Go Green (But Don’t Go Crazy)

October 13, 2017

green fashion

Reducing your fashion footprint isn’t as hard is it seems. You don’t need Gwyneth Paltrow’s absurd budget, nor should you feel compelled to retire your favorite dress in favor of a potato sack (*sigh of relief*). Going green means being educated about sustainable fashion and making small shifts that reflect our personal values. You don’t have to check off every box on the sustainable shopper check list; start by checking the boxes that matter most to you! Start with these five easy shifts to bring a little green to your fashion tastes.

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Research the brands you’re buying…but don’t sacrifice style.

Doing a little investigation into the business practices of the brands you buy is the one of the most important and easiest ways to become a more sustainable shopper. That trendy top from Zara might be cheap, but at what price? If you knew how it was made would you still buy it? If you knew it would only last a few washes before falling apart, would you still buy it?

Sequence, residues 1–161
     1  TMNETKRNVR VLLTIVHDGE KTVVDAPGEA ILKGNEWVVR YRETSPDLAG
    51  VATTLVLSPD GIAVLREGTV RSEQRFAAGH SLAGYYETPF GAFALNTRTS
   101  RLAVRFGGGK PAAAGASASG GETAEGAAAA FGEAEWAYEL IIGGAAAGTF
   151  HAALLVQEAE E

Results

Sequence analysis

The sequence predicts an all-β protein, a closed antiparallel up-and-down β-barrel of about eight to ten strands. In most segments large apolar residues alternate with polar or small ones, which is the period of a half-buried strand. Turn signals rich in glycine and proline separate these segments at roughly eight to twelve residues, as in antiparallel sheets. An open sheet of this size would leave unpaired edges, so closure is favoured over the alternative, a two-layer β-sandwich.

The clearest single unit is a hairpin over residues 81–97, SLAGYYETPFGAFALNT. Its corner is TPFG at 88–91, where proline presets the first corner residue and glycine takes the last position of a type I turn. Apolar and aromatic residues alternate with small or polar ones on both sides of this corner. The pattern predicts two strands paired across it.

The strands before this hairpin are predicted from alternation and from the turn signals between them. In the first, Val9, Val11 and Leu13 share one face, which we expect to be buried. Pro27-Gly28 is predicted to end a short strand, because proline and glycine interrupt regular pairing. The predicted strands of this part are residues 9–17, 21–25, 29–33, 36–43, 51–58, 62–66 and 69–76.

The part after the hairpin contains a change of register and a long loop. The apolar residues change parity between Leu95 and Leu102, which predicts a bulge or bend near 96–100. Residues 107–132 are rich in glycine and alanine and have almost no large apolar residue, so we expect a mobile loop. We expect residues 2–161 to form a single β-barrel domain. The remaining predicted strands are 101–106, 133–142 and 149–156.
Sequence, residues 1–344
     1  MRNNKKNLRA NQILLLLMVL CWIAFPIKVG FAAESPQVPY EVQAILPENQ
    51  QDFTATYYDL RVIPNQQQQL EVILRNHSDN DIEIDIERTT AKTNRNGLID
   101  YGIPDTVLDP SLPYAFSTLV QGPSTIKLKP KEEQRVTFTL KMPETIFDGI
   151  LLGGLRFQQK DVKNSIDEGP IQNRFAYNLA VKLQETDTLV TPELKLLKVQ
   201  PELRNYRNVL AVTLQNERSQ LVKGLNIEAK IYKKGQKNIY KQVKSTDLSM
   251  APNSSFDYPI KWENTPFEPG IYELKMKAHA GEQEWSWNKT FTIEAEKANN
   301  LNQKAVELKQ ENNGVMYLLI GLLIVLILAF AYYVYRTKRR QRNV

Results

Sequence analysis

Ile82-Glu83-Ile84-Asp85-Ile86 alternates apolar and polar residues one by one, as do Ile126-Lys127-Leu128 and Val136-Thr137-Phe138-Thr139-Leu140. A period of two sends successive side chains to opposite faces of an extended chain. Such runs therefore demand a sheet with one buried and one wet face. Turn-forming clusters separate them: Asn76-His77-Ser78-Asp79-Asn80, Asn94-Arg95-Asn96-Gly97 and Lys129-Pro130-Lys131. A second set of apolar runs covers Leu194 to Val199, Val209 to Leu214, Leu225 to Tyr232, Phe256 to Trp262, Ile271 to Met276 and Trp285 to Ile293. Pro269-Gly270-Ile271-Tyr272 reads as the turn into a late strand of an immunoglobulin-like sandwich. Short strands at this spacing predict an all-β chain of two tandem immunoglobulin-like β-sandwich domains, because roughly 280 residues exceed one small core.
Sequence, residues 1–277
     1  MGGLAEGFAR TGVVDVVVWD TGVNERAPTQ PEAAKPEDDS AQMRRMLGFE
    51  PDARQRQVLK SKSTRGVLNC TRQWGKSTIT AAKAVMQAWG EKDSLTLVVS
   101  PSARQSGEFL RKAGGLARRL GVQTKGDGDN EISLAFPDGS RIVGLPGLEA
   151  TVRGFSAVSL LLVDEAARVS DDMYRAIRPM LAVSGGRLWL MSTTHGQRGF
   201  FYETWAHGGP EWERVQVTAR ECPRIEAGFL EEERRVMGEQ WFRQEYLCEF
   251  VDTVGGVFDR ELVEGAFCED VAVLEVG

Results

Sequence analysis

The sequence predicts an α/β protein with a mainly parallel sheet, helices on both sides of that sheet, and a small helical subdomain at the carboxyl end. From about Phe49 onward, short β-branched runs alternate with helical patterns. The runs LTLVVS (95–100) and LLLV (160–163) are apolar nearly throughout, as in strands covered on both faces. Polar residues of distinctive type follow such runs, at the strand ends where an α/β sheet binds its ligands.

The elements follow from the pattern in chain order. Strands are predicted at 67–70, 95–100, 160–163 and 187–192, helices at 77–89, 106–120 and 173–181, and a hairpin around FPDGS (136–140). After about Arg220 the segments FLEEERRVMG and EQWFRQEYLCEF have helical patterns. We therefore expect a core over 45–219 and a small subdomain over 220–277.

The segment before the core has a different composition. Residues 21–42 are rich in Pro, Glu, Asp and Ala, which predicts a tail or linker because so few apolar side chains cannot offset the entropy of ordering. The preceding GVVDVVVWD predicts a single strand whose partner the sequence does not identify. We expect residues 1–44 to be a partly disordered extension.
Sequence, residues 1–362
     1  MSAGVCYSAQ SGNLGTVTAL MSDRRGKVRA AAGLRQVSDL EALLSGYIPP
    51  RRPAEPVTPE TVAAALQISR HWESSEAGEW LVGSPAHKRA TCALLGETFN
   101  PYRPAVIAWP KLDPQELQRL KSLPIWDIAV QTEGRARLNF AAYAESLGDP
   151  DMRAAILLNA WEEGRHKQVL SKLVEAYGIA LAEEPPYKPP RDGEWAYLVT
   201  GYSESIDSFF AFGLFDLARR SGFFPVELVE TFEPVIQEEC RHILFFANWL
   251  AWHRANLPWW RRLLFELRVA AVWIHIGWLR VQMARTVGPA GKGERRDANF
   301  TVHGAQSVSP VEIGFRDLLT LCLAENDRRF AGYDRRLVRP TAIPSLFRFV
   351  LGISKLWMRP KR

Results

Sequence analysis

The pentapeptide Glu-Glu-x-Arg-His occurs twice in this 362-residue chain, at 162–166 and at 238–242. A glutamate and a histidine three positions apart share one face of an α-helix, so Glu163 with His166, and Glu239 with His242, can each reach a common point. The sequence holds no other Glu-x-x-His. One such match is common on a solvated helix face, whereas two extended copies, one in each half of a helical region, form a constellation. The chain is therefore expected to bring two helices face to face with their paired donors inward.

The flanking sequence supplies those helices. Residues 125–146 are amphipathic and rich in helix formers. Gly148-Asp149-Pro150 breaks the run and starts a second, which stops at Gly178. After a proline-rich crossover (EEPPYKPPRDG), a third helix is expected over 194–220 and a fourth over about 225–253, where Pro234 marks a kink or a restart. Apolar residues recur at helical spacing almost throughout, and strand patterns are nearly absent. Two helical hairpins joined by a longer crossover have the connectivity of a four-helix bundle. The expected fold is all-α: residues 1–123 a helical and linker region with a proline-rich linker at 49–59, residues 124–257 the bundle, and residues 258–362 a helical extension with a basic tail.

everlane khaki pants and black shirt

Image Source: Everlane

Maybe your answer is yes…and that’s ok too! Researching the brands we shop is key to understanding a company’s practices and making our own informed decisions. There are so many fashionable brands that practice sustainable manufacturing. You don’t have to sacrifice your personal style in favor of going green. Some of my favorite brands include Everlane for my modern basics, People Tree for fun and unique accessories, and of course Veerah for my showstopping vegan shoes. Whatever your personal style might be, there are countless sustainable brands that will likely allow you to express your unique look. Check out this list of fair trade brands to get started! Or sign up to get my very detailed sustainable shopping guide when it is ready!

Invest in pieces that will last…but don’t break the bank.